Now that the FDA has approved a medication called "Latisse," which actually grows eyelashes, Kim Kardashian, her mom and sisters will probably buy the stuff by the gallon! Not that Kim and kin will need it. Miss Kardashian's eyelashes are a subject of some dispute on assorted blogs -- with some arguing that they are genuine, while others are convinced they are fakes. The answer is that her eyelashes are both real, and fake, apparently depending on her mood or whatever nightclub or celebrity event beckons her that evening. She is, in fact, already endowed with eyelashes that the makers of Latisse want every woman -- and perhaps even some men -- to have. Strange but true.
For those who haven't heard, Latisse is a medication derived from a treatment for glaucoma, a side effect of which is eyelash growth. The irony for the Kardashians is that it's stepdad Bruce Jenner who really NEEDS the stuff. And while Latisse is ONLY meant to be applied to the upper lashes, Bruce might want to consider washing his entire face with the drug! Apparently, the manufacturer is concerned that Latisse, if applied to the lower lashes, will dribble onto one's cheeks and promote hairy growth there as well. In Jenner's case, this might be an improvement. At the end of Kim's "reality" TV show, "Keeping up with the Kardashians," there is a propensity for group hugs with dear ol' stepdad in the middle. He looks thoroughly out of place with his "eyelashian" family -- as though he's an alien having dropped in from another planet. Nestled in his family's curvaceous embrace, at least this much is clear: Bruce Jenner doesn't suffer from...arachnophobia.
...Which brings up the subject of eyelashes in caricature. They're great fun to exaggerate, especially with a fine pen nib and India ink. (Kardashian, however, was rendered in marker). Doesn't matter if the lashes are natural, a la actress Winona Ryder, or famously fake, as with Liza Minnelli.
But as a close observer of the human head, I've long noticed that lengthy lashes are, throughout much of the world, primarily a male trait. It's an observation millions of moms can agree with, as they admire their young sons' lashes, and dispair of their own. I suspect the reason for this trait is simple enough: Male facial hair includes the likelihood of heavier eyelashes and eyebrows.
However, there are major exceptions to this rule, Ms. Ryder notably among them. And, from my close studies of eyes, so essential for caricature, I've discovered what I would call "eyelash belts" -- large swaths of the Earth where long eyelashes are common and gender-neutral.
The biggest belt stretches from the Iberian Peninsula, across Arab North Africa, including islands of the Mediterranean, and then into the Middle East, over the Caucasus, Iran and Afghanistan, and, finally, south through the Indian subcontinent. (Kim Kardashian is of Armenian descent -- an inhabitant of "Eylelashistan").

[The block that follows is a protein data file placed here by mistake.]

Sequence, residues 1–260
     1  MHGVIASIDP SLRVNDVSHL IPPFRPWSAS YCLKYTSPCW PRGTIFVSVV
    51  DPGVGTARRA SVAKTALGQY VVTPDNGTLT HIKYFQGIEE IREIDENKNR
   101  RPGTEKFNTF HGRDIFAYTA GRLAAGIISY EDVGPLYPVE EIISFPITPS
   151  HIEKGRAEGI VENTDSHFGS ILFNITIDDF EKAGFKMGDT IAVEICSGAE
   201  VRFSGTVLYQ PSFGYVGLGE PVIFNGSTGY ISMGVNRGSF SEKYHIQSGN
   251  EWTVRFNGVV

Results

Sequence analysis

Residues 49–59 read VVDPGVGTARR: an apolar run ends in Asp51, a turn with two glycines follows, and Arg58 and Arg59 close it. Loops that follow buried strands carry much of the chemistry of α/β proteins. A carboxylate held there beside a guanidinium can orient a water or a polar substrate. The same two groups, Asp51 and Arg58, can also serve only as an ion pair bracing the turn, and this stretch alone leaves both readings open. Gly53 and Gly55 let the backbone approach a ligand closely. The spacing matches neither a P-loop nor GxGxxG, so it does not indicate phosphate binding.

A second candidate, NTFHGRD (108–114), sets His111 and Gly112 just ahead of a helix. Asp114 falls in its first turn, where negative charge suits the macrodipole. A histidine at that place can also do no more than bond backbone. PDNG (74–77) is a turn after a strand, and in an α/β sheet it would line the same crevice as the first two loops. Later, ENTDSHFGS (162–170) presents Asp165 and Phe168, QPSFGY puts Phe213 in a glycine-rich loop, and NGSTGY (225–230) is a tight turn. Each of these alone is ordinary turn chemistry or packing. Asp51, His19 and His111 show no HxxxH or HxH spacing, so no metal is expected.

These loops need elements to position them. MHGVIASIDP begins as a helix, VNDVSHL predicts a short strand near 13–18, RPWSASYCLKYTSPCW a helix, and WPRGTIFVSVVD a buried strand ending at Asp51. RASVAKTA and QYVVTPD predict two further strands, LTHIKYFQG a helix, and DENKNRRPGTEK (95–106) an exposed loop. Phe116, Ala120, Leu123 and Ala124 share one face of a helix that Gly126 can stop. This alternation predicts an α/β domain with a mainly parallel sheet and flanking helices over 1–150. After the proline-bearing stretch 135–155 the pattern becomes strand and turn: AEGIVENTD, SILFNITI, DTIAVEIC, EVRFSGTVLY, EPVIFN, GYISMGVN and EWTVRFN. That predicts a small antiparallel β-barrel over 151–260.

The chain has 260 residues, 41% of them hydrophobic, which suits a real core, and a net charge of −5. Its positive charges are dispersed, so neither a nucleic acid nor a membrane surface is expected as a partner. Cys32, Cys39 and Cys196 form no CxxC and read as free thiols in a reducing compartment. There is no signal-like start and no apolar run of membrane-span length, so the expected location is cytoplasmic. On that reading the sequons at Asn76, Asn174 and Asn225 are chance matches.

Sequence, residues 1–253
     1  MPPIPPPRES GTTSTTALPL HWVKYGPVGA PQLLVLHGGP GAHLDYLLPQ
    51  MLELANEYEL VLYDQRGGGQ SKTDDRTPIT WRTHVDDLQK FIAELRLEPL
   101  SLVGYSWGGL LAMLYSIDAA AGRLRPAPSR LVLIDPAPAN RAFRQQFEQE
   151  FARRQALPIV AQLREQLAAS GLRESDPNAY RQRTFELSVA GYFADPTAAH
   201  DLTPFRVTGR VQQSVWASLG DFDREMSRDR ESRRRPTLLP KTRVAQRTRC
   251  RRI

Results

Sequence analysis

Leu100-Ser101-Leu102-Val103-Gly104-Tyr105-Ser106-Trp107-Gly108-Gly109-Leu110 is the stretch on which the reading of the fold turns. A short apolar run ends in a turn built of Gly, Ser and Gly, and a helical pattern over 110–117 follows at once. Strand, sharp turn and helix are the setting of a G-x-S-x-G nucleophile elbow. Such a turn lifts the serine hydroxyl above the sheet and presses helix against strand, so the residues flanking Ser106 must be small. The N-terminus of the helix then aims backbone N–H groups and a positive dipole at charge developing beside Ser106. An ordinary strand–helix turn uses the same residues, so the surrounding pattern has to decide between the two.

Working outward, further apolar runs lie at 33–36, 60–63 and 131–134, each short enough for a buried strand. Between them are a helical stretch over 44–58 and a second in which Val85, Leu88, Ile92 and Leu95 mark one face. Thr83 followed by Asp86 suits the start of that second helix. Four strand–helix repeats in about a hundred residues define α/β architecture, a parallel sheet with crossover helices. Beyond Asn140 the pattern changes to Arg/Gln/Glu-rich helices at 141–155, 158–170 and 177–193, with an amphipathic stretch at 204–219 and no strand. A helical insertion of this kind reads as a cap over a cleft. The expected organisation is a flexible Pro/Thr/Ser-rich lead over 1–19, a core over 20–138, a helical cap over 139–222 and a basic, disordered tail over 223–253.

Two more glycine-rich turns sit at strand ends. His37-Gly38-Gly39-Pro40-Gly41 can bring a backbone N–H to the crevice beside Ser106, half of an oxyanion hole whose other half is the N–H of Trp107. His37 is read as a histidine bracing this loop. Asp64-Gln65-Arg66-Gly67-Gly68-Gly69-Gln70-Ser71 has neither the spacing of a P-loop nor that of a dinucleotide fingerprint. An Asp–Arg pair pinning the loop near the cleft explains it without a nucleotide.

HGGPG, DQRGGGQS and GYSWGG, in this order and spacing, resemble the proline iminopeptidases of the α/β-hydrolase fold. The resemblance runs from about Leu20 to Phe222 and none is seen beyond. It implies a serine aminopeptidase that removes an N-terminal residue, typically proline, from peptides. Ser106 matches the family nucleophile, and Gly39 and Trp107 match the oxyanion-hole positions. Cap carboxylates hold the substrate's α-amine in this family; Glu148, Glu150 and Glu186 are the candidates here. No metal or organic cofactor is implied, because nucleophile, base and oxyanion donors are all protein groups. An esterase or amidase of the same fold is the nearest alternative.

A second, narrower, belt begins in Mexico and stretches down the Andean spine of South America. My explanation for the larger belt is just a guess: Blowing dust, sand and grit across the arid climates of the Middle East and North Africa would have made long eyelashes a useful trait to have. Same with India, where the dry season can get very parched and dusty. Not sure about the reason for Meso-american eyelashes, except that the Frida Kahlo "monobrow," hints of a moustache, as well as a faint trail of "sideburns" among women there is not highly unusual or unappreciated. And there are those handful of Mexican families, made famous by Ripley's and Guinness, whose members have "hypertrichosis," or "Werewolf Syndrome." Curiously, it seems that upper lashes in this part of the world often grow straight and angle downward.
There's also at least one "eyelash island" -- Ireland. I have no explanation for this, unless long lashes there guard against mist and moss, or Guinness Stout has the same active ingredient -- bimatropost -- as Latisse.
This is not to suggest that people who aren't Armenian, Arab, Irish or Inca can't have long eyelashes. Nor that all those folks from the dustier (or mossier) parts of the world are similarly endowed. But when it comes to drier climes, what works for camels, elephants and llamas surely functions equally well for Homo sapiens.
However, there are always a zillion exceptions. While people from Sub-Saharan Africa, and their descendants around the world, may typically have shorter, albeit curly, eyelashes, the late rapper Tupac Shakur surely needed no Latisse. The many great black-and-white portraits of Tupac appeared to emphasize his long lashes for dramatic effect. I suspect many women were envious.
People of East Asian descent, however, appear to come out on the short end of the stick, or lash, as it were. This may be primarily due to the "epicanthic fold" -- a fold of skin covering the inner corner of the eye, partly concealing eyelashes. Or something like that -- consult your ophthalmologist, or local anthropologist, for details.
Well, I've browbeaten this subject to death. So, rush out to your doctor and get a prescription for Latisse! I plan to get some myself -- but only to dribble into my ears and nose, and maybe down the middle of my back for a racing stripe. And for those of you too squeamish for such things (Latisse is known to cause itching, burning eyes and darkening of the eyelids), there's always good old-fashioned Hollywood fakes. You, too, can look like Liza!
Thanks for visiting. If you'd like to see more samples of my work, click here.
...Oh, as for my own eyelashes, I'm afraid I was one of those boys my mom liked to embarrass in front of her friends. All part of screwing me up, turning me into a voyeur of human faces, and ultimately becoming a caricaturist.